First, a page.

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Giacomo PUCCINI (1858-1924)
La bohème – opera in four Acts (1896) [107:14]
Rodolfo - Jussi Björling (tenor)
Mimì - Victoria de los Ángeles (soprano)
Musetta - Lucine Amara (soprano)
Marcello - Robert Merrill (baritone)
Schaunard - John Reardon (baritone)
Colline - Giorgio Tozzi (bass)
Parpignol - William Nahr (tenor)
Benoit/Alcindoro - Fernando Corena (baritone)
Un doganiere - Thomas Powell (baritone)
Sergente - George del Monte (baritone)
Columbus Boys’ Choir
RCA Victor Chorus and Orchestra/Sir Thomas Beecham
rec. 16-17, 30 March; 1-3, 5-6 April, 1956, Manhattan Center, New York
XR Remastering Ambient Stereo
PRISTINE AUDIO PACO164 [53:43 + 53:31] [RMo]

The EMI issue of this set was hailed by my MWI colleague Christopher Fifield in his 2002 review as having “the perfect cast” and I included it in my recent and last opera survey as one of the two most-recommendable-by-far recordings of Puccini’s perennially popular masterwork. The original mono sound was always good, if a little congested, but obviously its reincarnation in remastered Ambient Stereo on the Pristine label, executed with Andrew Rose’s habitual skill and taste, can only be warmly welcomed as yet another inducement to hear this serendipitous recording. He really opens up the aural landscape – which is especially noticeable on headphones. Having said that, I can understand why some listeners might remain faithful to the clarity and immediacy of the mono sound, preferring it over the richer, more “upholstered” stereo processing; it’s a question of taste.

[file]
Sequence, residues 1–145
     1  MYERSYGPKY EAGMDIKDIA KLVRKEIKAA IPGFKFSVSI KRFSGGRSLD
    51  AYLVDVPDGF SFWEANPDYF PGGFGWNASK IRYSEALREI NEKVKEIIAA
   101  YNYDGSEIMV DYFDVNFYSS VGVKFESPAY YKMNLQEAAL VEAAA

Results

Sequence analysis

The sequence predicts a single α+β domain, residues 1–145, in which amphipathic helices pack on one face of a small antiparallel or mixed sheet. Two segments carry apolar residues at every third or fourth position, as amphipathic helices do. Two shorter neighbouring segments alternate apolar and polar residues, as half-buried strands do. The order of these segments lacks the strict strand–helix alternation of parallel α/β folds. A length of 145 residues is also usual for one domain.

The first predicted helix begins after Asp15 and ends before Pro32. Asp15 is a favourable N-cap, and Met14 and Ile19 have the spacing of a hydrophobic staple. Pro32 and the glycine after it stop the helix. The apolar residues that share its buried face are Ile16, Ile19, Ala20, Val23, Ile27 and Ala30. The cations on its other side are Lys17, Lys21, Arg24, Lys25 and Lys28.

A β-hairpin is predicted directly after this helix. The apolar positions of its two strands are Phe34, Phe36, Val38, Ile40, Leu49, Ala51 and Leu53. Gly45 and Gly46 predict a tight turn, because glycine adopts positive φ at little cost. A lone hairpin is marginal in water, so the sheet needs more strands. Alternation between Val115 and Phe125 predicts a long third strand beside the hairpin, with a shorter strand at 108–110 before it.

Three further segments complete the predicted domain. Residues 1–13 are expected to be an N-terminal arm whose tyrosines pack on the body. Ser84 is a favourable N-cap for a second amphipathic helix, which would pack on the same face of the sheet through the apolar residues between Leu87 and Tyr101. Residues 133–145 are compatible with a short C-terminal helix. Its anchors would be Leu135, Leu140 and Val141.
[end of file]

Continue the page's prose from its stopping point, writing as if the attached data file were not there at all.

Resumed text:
It might be “perfectly cast”, but it is not technically perfect; there are moments in the first Act where the lack of rehearsal time is reflected in the cast getting ahead of the orchestral beat and there is more enthusiasm than accuracy when the boys in the attic run riot. With regard to that casting, too, Some might even argue, too, that despite the claims for perfection the casting, just occasionally, at climactic points, de los Ángeles lacks the spinto heft to deliver, but she finds plenty of passion in her exchange with Marcello at the beginning of Act 3 and “Addio senza rancor” duet with Rodolfo at the end, and the tender pathos of her characterisation of Mimì is so moving that it would be churlish to complain about such minor flaws when so much else is wonderful. Some might be disappointed that unlike Pavarotti, at the end of the love duet concluding Act 1, Björling takes the low E instead of joining his Mimì on a high C, especially as she clearly finds it a bit of stretch, but it does preserve Puccini’s harmony as originally written. We talk of the two principals’ virtues but Robert Merrill’s Marcello is a joy throughout, beautifully acted and vocalised, matching, if not excelling, Panerai for Karajan. The great duet with Björling opening Act 4, “O Mimì, tu più non torni”, is an opera-lover’s dream.

The street urchins are a bit polite but there are otherwise lots of delectable details to savour, from John Reardon’s splendidly foppish English-accented Italian while telling the parrot story, Corena’s richly comic landlord and harassed Alcindoro, to Tozzi’s rich-voiced Colline. Lucine Amara – the only principal singer in this cast still with us at 92 - is a pert, slightly shrill-voiced Musetta. Beecham lavishes affection on the score – occasionally perhaps to excess – but the sense of fun in the ensemble, especially for such a hastily assembled project, is palpable.

Ralph Moore



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